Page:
Veined Lithosphere as a Mixed Source for Continental Alkaline Mafic Magmas

Yishai Weinstein Institute of Earth Sciences, Hebrew University, Jerusalem, Israel

Oded Navon Institute of Earth Sciences, Hebrew University, Jerusalem, Israel

Mordechai Stein Institute of Earth Sciences, Hebrew University, Jerusalem, Israel

Rainer Altherr Institute of Mineralogy and Petrography, University of Heidelberg, Heidelberg, Germany

Incompatible element geochemistry of basalts from northern Israel and northeastern Jordan are used to constrain their source and melting behavior. These basalts are part of the Neogene-Quaternary E-Shamma volcanic field, the northern extension of the Western Arabia Volcanic Province (WAVP). It is suggested that patterns shown by ratios of incompatible elements define mixing lines between two lithospheric components - hydrous veins and peridotitic host rocks.

Normalized concentrations of incompatible elements reveal positive anomalies of P and Sr, negative anomalies of Rb and K and steep slopes of M-HREE (Tb/Yb up to 4.2 in basanites). Most of the studied magmas are relatively primary (#Mg>0.55) and show no evidence for fractionation other than olivine and clinopyroxene. Therefore, the wide concentration ranges ("f-enrichment" factors) shown by incompatible elements have to be attributed either to source heterogeneity or to the effects of partial melting. In the case of melting-controlled behavior we would expect Th and Nb to show the highest f-enrichment factors. However, the Israeli-Jordanian magmas show higher f-enrichments for P, Ba and La than for Th and Nb (12.6, 10.9 and 10.1 compared with 8.5 and 5.9, respectively). Patterns shown in diagrams of Nb/Zr vs Nb, La/Sm vs La or the like are usually used to identify melting curves and to constrain source mineralogy. On such diagrams melting produces linear arrays whereas mixing leads to curved lines. Figure 1 shows that the Israeli-Jordanian basalts fall along an upward convexed line, which may be explained as mixing of two end-members. We
identify the end-members as (1) 5-15% partial melting of peridotitic source and (2) an "enriched" component, where the La and P are too high and the Rb and K are too low for being simply a low degree partial melt of the same parental peridotite. Rather this component might be a high-degree partial melt of amphibole, apatite and garnet assemblages. These assemblages are actually found as veins in peridotitic rocks (O'Reilly et al., 1991). Foley (1992) suggested a similar model for potassic magmas, talking about phlogopite-pyroxenite veins. The low Rb and K in the Israeli-Jordanian magmas argue against the presence of phlogopite in the veins. The high Ba and Nb contents may be attributed to the amphibole, while the high P, LREE and Th are due to the presence of apatite (O'Reilly et al., 1991). The high La/Yb ratios (up to 40 in basanites) are attributed to both the high ratios in apatites and the buffering effect of garnet. The mixing hypothesis may also explain the negative correlation between SiO2 and incompatible element concentrations. This is because partial melt of peridotitic source is expected to be silica-rich (Baker et al., 1995) relative to melt coming from amphibole-rich veins.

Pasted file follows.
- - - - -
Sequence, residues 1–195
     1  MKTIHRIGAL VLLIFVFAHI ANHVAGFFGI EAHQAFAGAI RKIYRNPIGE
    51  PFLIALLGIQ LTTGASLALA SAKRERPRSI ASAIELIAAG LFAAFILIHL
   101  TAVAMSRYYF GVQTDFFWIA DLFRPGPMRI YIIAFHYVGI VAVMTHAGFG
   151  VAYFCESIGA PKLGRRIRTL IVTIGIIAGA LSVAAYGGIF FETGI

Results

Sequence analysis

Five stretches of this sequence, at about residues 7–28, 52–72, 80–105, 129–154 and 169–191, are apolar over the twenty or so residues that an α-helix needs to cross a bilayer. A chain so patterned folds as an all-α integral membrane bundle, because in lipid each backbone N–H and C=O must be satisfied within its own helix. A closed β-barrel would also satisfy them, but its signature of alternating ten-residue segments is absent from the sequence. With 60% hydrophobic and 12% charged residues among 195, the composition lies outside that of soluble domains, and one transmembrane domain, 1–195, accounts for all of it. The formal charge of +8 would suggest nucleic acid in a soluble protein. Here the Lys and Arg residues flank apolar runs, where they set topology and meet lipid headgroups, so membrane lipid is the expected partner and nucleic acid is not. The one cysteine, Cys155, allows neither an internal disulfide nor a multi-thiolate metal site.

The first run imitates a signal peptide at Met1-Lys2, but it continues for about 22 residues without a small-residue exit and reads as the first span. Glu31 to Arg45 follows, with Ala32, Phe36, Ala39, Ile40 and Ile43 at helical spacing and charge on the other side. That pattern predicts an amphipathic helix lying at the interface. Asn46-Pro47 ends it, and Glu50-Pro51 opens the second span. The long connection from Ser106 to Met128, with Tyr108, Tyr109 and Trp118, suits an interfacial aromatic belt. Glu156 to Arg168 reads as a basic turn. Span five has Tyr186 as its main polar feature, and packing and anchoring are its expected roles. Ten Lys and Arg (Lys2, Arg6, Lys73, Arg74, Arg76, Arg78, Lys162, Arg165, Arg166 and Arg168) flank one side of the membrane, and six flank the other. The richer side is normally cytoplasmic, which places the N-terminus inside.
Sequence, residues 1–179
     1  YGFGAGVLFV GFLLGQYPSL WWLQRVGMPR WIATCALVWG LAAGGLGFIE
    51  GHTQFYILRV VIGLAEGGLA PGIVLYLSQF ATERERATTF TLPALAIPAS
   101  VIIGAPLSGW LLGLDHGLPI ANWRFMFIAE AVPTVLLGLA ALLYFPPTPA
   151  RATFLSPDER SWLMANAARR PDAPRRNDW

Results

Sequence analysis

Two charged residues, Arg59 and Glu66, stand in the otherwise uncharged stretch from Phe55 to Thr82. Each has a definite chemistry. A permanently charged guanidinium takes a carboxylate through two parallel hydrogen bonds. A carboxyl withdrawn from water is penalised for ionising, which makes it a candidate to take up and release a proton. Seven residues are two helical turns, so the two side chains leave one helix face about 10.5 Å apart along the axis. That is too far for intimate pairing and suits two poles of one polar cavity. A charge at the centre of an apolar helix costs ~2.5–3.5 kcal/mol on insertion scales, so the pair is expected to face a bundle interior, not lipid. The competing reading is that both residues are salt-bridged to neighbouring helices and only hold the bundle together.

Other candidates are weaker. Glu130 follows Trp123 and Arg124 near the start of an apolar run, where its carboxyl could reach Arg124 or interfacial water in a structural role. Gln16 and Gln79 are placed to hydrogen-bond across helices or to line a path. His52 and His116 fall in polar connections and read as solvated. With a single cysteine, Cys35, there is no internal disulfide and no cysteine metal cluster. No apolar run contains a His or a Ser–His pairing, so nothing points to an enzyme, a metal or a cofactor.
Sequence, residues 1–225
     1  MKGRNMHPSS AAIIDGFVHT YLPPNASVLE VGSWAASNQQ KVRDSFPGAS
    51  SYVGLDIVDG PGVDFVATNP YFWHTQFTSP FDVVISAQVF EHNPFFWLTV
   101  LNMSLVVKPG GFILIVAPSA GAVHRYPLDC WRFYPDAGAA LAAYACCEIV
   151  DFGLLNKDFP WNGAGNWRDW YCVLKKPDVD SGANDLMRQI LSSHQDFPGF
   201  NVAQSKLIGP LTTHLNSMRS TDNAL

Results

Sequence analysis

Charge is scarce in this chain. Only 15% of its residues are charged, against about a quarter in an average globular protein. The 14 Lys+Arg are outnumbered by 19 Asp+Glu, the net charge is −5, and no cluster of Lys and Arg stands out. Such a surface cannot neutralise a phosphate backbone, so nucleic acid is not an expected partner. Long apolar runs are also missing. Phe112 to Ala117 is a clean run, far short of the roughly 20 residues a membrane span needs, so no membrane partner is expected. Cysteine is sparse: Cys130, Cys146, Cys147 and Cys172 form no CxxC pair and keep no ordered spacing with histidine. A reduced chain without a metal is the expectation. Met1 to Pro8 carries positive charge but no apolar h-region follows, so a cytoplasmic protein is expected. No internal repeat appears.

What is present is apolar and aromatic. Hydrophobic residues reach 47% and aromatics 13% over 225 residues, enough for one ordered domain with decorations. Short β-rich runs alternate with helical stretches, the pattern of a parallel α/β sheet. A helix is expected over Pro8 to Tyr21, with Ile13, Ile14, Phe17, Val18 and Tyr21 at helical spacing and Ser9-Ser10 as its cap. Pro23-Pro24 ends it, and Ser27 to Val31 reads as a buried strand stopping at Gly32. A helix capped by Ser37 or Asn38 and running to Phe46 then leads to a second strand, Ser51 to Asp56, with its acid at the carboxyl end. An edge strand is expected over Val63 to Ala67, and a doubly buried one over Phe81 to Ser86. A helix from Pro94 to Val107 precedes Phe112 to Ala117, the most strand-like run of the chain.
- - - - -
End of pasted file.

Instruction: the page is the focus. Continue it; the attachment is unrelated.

The lack of potassic magmas and the dominance of amphibole in the source may be explained by a thinner lithosphere underneath the WAVP compared with regions of potassic magmatism.


Baker, M.B., Hirschmann, M.M., Ghiorso, M.S. & Stolper, E.M., Nature 375, 308-311 (1995).

Foley, S., Lithos 28, 435-453 (1992).

O'Reilly, S.Y., Griffin, W.L. & Ryan, C.G., Contr. Miner. Petrol. 109, 98-113 (1991).

Fig. 1: La/Sm vs La in N-Q basalts and basanites from Israel and Jordan. Dashed lines are calculated batch melting curves (<1% up to 20% partial melting) for three different source mineralogies (dry and wet peridotite) using primordial mantle values. Solid lines are calculated mixing lines with three different La-rich end-members. The general pattern shows mixing behavior.